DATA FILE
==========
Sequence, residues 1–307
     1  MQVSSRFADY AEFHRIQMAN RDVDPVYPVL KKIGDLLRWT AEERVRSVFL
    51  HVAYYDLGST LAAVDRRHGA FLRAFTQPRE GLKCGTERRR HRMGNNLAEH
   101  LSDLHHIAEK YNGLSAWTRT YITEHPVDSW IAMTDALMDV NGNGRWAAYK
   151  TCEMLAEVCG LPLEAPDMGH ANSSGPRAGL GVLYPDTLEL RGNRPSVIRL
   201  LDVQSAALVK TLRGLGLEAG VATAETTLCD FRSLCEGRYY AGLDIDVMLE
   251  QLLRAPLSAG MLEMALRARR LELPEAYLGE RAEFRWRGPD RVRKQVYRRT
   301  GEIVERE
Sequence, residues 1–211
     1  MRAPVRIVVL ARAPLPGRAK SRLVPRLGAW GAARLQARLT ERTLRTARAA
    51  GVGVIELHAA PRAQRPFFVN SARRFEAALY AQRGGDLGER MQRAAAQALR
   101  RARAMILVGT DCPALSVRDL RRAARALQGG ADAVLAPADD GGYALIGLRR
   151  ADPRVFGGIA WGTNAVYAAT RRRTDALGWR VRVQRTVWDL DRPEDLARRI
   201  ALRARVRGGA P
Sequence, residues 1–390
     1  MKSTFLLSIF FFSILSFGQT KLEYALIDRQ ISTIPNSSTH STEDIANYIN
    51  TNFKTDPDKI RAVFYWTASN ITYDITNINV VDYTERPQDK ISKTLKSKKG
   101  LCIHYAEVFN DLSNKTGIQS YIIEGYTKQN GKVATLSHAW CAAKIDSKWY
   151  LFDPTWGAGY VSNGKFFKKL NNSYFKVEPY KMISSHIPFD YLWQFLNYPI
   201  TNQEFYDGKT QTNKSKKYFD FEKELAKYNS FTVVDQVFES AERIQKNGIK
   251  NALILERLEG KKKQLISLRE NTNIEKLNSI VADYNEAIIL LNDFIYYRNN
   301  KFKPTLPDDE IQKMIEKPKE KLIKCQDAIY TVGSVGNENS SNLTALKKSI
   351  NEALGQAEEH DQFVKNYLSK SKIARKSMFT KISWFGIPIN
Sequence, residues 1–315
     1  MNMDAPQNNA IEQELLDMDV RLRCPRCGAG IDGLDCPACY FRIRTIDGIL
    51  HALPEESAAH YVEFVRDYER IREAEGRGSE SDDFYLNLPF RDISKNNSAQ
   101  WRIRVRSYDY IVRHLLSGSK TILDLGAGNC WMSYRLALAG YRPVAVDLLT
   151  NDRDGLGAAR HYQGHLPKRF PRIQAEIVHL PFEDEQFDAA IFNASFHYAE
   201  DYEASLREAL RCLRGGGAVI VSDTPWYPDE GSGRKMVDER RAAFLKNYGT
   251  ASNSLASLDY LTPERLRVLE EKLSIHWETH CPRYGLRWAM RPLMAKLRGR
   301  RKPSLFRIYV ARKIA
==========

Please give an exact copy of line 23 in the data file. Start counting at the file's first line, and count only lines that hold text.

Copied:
   351  NEALGQAEEH DQFVKNYLSK SKIARKSMFT KISWFGIPIN